Deliberate mis-rendering of color. Once a threshold amount of a suspicious color is detected, this color can be mis-rendered by modulating the color with a function of the amount used.
Deliberate mis-registration. Addition of a small, unpredictable jitter to the coordinates on the physical page from which rendering begins will make accurate registration between sides of the page extremely difficult.
Deliberate deterioration of halftoning. Substitution of a poorer quality dither matrix, or substitution of non-optimized weight for error diffusion will make reproduction of accurate detail more difficult.
To summarize, the present invention has the following advantages:
It causes negligible impact on time to render a page.
It has negligible effect on general images and documents, while generating visible artifacts on banknote images or denying their printing.
It can be deployed in the driver with no hardware changes.
The detection function can be changed or fine-tuned to trade-off between speed and accuracy.
The area of the LUT that is classified as suspicious can be adjusted to arrive at a compromise that allows reasonable detection, while giving minimal effect on legitimate users.
No redesign of currency is required and, at most, only minimal redesign of other secured documents is required.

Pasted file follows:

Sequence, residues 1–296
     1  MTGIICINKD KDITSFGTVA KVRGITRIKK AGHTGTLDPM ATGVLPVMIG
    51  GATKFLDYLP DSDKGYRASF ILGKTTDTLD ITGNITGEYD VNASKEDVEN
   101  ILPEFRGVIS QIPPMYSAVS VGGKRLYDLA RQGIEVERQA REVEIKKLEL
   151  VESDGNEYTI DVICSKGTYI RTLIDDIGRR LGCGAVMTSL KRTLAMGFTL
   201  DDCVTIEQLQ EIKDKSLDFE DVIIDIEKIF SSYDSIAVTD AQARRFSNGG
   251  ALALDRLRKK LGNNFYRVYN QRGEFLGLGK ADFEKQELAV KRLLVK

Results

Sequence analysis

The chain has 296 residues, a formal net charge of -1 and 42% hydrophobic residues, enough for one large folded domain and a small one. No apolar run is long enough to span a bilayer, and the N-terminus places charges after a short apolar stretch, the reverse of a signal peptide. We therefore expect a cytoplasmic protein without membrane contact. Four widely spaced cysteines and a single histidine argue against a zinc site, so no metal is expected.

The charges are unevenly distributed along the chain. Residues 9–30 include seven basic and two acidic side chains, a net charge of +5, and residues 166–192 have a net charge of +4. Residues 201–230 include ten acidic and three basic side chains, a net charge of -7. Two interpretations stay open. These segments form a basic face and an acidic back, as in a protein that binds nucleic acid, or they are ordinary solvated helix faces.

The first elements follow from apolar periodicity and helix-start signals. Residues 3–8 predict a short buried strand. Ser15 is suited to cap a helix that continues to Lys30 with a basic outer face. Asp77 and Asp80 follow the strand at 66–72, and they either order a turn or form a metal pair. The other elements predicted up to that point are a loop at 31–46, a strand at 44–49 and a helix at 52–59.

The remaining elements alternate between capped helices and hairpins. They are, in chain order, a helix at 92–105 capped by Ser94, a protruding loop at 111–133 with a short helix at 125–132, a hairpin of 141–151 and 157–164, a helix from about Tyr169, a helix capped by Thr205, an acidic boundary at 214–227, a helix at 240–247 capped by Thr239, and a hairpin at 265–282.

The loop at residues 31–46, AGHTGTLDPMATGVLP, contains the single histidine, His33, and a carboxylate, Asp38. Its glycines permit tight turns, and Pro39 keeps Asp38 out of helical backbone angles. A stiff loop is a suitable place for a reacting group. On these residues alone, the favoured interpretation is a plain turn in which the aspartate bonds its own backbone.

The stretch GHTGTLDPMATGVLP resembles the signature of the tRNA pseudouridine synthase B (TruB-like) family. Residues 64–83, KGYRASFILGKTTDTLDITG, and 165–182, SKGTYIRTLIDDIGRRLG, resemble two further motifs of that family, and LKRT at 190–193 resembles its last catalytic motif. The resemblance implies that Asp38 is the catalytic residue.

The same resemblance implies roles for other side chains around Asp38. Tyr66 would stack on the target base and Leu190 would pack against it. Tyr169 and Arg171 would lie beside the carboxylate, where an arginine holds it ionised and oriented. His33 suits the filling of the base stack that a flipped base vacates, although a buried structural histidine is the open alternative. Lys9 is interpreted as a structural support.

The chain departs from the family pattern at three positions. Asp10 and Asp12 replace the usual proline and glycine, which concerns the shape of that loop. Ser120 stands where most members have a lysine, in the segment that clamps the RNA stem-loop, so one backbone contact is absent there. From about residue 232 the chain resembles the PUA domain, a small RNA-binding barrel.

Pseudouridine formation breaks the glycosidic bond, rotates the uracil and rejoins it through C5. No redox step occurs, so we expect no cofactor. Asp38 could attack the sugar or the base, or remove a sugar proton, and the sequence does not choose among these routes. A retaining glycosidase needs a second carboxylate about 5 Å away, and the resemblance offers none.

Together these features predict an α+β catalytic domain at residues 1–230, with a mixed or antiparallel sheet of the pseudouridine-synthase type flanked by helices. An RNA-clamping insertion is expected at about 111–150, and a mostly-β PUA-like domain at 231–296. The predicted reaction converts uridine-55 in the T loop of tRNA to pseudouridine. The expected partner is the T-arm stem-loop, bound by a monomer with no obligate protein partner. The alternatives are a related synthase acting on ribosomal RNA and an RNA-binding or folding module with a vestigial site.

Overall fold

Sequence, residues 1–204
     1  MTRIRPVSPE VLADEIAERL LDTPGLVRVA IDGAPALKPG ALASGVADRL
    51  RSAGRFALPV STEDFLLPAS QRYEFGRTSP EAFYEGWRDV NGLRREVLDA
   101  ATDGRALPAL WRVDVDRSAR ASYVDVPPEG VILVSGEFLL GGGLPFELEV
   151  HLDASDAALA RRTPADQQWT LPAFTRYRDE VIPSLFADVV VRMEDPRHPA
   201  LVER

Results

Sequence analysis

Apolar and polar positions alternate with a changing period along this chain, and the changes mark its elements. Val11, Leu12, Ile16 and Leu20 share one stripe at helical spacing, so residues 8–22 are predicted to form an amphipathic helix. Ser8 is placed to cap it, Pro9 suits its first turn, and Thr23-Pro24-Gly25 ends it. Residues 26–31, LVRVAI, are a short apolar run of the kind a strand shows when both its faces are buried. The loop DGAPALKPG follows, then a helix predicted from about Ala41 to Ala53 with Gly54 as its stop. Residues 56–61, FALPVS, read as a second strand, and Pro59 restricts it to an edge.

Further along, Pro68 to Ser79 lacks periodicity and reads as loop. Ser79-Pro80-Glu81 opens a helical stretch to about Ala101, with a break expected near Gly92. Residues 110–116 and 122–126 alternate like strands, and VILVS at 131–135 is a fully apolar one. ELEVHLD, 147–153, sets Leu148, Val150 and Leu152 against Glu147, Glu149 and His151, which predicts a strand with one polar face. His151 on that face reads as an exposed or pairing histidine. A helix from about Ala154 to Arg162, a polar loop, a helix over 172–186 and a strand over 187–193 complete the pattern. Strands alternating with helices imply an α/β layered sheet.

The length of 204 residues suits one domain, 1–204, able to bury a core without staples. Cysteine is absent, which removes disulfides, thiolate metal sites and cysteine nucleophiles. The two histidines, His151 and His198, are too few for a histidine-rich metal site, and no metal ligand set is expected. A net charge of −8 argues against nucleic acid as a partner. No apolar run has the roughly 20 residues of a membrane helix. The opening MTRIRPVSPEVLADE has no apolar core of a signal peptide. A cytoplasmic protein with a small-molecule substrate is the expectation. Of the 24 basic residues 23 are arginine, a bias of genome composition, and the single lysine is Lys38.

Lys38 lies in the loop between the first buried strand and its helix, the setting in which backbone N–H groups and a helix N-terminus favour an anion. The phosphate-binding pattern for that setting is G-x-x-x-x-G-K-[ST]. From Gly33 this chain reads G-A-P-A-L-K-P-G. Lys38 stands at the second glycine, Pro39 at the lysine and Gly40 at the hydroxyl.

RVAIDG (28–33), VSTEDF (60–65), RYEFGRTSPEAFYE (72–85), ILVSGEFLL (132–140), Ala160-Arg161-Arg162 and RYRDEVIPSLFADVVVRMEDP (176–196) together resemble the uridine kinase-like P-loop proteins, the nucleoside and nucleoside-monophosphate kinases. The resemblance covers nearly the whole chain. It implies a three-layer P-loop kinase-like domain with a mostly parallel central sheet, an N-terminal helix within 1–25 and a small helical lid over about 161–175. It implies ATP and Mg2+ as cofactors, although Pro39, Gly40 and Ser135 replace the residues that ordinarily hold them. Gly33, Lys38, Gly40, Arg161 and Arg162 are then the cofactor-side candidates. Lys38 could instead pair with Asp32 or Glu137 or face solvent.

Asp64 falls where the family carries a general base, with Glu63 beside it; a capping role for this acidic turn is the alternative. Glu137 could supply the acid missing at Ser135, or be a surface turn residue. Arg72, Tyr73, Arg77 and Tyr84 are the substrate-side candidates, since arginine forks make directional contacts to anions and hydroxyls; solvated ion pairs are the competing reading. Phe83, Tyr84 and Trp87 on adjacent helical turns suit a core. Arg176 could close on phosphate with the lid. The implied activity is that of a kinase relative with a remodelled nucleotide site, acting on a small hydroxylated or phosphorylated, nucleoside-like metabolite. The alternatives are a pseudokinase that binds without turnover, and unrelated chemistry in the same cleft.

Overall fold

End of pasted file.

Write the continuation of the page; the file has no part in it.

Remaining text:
Furthermore, so long as the characteristic color or other aspects of the seal does not change, no alteration is required for a new series of notes.
The many features and advantages of the invention are apparent from the written description and thus it is intended by the appended claims to cover all such features and advantages of the invention. Further, because numerous modifications and changes will readily occur to those skilled in the art, it is not desired to limit the invention to the exact construction and operation as illustrated and described. Hence, all suitable modifications and equivalents may be resorted to as falling within the scope of the invention.
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|U.S. Classification||382/135, 194/212|
|International Classification||G06K9/46, G06K9/20|
|Cooperative Classification||G06K9/46, G06K9/2054, G06K2209/01|
|European Classification||G06K9/46, G06K9/20R|
|Oct 18, 1999||AS||Assignment|
Owner name: HEWLETT-PACKARD COMPANY, CALIFORNIA
Free format text: ASSIGNMENT OF ASSIGNORS INTEREST;ASSIGNOR:YANG, XUGUANG;REEL/FRAME:010316/0024
Effective date: 19990824
|Sep 30, 2003||AS||Assignment|
Owner name: HEWLETT-PACKARD DEVELOPMENT COMPANY L.P., TEXAS
Free format text: ASSIGNMENT OF ASSIGNORS INTEREST;ASSIGNOR:HEWLETT-PACKARD COMPANY;REEL/FRAME:014061/0492
Effective date: 20030926
Owner name: HEWLETT-PACKARD DEVELOPMENT COMPANY L.P.,TEXAS
Free format text: ASSIGNMENT OF ASSIGNORS INTEREST;ASSIGNOR:HEWLETT-PACKARD COMPANY;REEL/FRAME:014061/0492
Effective date: 20030926
|Nov 5, 2007||FPAY||Fee payment|
Year of fee payment: 4
|Nov 12, 2007||REMI||Maintenance fee reminder mailed|
|Sep 23, 2011||FPAY||Fee payment|
Year of fee payment: 8
|Dec 11, 2015||REMI||Maintenance fee reminder mailed|
|May 4, 2016||LAPS||Lapse for failure to pay maintenance fees|
|Jun 21, 2016||FP||Expired due to failure to pay maintenance fee|
Effective date: 20160504